As he continues his theme, begun here, Hazrat Inayat Khan takes us into subtle, seemingly paradoxical realms, where ‘God is in the ideal of God.’ In this portion he concludes his lecture and begins to take questions; the remainder of the questions and answers will follow in another post.
A material person says, “Show me something more valuable than gold, more precious than diamonds, something that I can weigh and measure, then I will say, that is God.” He understands the brightness of the diamonds, the value of the gold. But the gold has only the value that we give it. In itself it has no more value than the iron – we can make more things of iron. But we like it, we like its color, it has a radiance. It is the same with all things. The prophets, the illuminated souls have not come with their merits from there. Their value is made here. The same person may be admired, liked by one person, and not liked at all by another. The first likes him and so he sees his merits; the other, because he does not like him, sees his faults.
When Christ was in his own country, the people would not listen to his words; he had to go to another country to be valued. When Muhammad was away from his country, the people followed him on the pilgrimage, ready to lay down their lives for him. In his own country, they would not even let him speak. God is in the ideal of God, the ideal we have of what is most perfect. He cannot be called by any name – names are to distinguish one thing from another, one person from another. The whole cannot be distinguished from anything. God in the infinite state does not know that He is God. The elephant does not know that he is an elephant. It is the miniature elephant who knows. It is man who realizes that he is not this miniature man, but that there is one Being.
You will ask, “When we have recognized that the self is all, whom should we praise, admire, worship, and love? To praise, worship, admire, and love brings the idea of another. We cannot worship our self, praise our self, admire our self.” I will say that you are born with a tendency to worship. There is someone whom you admire, someone before whom you bow, someone of whom you ask help. If we want someone to do something for us, we bow before him. If we want his money, his favor, we bow before him. The beauties that are beautiful for one day, and tomorrow the beauty may be gone, we admire. Why should we then not admire, why should we not love and worship that Being Who is sufficient to supply all our needs, Whose beauty never changes, and Whose beauty is all that there is?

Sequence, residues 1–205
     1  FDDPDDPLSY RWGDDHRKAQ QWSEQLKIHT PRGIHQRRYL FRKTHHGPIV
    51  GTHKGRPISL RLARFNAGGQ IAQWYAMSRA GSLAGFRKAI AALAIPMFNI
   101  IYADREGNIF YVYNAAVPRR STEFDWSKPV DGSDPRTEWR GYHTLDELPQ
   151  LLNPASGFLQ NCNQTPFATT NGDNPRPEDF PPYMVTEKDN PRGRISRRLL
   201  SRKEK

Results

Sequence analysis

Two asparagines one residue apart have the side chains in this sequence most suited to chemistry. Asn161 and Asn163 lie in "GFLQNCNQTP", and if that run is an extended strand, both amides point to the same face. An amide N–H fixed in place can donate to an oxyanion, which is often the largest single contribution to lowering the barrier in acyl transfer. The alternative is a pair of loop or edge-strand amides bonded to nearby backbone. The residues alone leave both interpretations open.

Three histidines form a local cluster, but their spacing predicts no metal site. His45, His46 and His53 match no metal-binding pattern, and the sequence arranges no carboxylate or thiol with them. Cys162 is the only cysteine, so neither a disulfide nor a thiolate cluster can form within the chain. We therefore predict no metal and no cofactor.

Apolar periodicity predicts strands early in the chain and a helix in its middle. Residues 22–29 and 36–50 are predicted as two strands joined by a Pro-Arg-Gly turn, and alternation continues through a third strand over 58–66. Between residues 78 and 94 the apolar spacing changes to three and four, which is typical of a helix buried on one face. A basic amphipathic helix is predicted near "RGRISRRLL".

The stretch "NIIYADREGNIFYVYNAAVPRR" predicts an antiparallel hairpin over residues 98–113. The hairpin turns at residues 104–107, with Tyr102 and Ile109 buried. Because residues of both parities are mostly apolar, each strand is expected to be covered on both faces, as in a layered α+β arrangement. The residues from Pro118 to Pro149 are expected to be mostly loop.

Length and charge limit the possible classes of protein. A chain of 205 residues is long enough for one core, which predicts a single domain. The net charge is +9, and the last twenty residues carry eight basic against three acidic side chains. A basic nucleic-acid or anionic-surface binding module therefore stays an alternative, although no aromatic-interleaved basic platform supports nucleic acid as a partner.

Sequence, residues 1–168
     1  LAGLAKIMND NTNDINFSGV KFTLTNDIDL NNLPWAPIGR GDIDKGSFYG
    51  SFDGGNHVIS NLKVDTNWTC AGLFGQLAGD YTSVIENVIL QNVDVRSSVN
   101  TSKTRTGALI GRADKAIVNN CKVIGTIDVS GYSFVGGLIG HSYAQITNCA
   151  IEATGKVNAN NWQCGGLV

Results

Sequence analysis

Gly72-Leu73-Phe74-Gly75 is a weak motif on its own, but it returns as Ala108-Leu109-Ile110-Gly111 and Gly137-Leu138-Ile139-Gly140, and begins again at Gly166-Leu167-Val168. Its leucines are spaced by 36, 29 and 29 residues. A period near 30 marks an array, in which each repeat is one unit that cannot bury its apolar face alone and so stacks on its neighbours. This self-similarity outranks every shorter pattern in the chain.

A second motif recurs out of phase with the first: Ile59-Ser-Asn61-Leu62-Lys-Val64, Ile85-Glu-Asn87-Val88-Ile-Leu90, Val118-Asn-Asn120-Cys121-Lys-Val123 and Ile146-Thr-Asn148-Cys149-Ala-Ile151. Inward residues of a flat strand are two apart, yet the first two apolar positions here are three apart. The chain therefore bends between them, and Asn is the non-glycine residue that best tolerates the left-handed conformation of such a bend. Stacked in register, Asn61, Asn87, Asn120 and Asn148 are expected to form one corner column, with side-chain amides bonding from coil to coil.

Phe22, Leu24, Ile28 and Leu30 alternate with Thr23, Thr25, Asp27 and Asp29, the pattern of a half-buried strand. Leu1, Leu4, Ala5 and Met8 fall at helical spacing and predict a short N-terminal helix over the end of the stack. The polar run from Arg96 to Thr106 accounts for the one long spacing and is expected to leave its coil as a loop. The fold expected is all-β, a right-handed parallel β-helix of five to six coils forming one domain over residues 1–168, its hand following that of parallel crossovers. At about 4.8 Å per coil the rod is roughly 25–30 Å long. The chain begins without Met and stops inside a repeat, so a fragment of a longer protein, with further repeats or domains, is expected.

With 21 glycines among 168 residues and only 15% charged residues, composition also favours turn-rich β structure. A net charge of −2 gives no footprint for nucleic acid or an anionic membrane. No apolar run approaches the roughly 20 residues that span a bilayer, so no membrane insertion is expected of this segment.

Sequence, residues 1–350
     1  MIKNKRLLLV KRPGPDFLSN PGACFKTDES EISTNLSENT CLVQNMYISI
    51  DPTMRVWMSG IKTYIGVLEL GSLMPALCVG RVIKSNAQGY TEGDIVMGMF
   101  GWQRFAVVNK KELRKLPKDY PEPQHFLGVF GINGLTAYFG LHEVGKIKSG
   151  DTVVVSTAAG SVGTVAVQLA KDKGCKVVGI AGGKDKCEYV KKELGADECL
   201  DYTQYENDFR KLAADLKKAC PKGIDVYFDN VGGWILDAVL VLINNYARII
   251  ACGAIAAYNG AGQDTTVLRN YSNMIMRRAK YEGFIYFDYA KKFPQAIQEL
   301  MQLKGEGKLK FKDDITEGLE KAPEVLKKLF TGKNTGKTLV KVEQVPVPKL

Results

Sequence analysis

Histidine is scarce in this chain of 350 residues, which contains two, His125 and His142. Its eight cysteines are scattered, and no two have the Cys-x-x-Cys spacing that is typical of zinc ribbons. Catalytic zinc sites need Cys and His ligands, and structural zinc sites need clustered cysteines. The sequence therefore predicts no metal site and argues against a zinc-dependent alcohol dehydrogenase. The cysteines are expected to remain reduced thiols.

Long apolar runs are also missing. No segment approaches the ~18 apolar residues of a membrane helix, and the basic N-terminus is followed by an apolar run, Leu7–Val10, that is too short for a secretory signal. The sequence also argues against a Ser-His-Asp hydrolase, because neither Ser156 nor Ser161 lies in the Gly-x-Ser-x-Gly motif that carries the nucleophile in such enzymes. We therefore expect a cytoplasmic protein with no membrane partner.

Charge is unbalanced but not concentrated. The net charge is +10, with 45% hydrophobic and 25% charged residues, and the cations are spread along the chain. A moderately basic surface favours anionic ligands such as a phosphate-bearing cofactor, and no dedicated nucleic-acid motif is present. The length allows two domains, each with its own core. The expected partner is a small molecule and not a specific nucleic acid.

Man is born with the wish to praise and I will say that it is by praise that man has made God. When children admire their parents, it is not usually because their parents teach them to, it is their wish to praise. They admire their parents’ face, their ways, their goodness, their love and kindness. Then comes the thought that the parents take care of them. It is man alone who praises. When the rocks were made, they did not praise. When the trees and birds and animals were made, they could praise much less than man can. Therefore man was made Ashraf al Makhlaqat, the chief of creation. And if he forgets his place as Ashraf al Makhlaqat, it is man’s fault.
This was exaggerated by the religions. They made man praise, worship and adore. Often, by misunderstanding the praise of God, a mistake has been make. People have praised God, and disliked the world, not understanding that the world is God’s face. That Invisible Being can show no sign or mark for your praise. His perfection is shown in manifestation. Therefore, it is best to praise whatever in the world is most worthy of praise. This was taught in different ways in the different stages of the world’s evolution. But in the time of Muhammad, who was the seal of prophecy, it was taught that all praise belongs to God. They said, “Al-hamdulillah ar-rahman ar-rahim. All praise to God, the most merciful and compassionate.”
Q. Shall I see God after my death?
A. You may see Mr. Asquith* a thousand times in the park, driving in a motorcar, but if you do not know him and cannot recognize him, if you are asked, “Have you seen Mr. Asquith?” you will say, “No.” God’s faces are everywhere. There is nothing on the earth, in the sky, in the sea, where He is not seen; but if we do not recognize Him we do not know that we see Him. A great Indian poet, Amir, says, “O eyes, that are longing to see the Beloved, why do you complain of His absence?” This means, the Beloved is before you, He has not run away, but your eyes must recognize Him. The Quran says, “Who is blind in life is blind after death.” This is the time to see God. This physical existence was made that man might recognize God. This life is the most important time, and the only chance of seeing God.
*Henry Asquith, the Prime Minister of the United Kingdom from 1908 to 1916.
To be continued…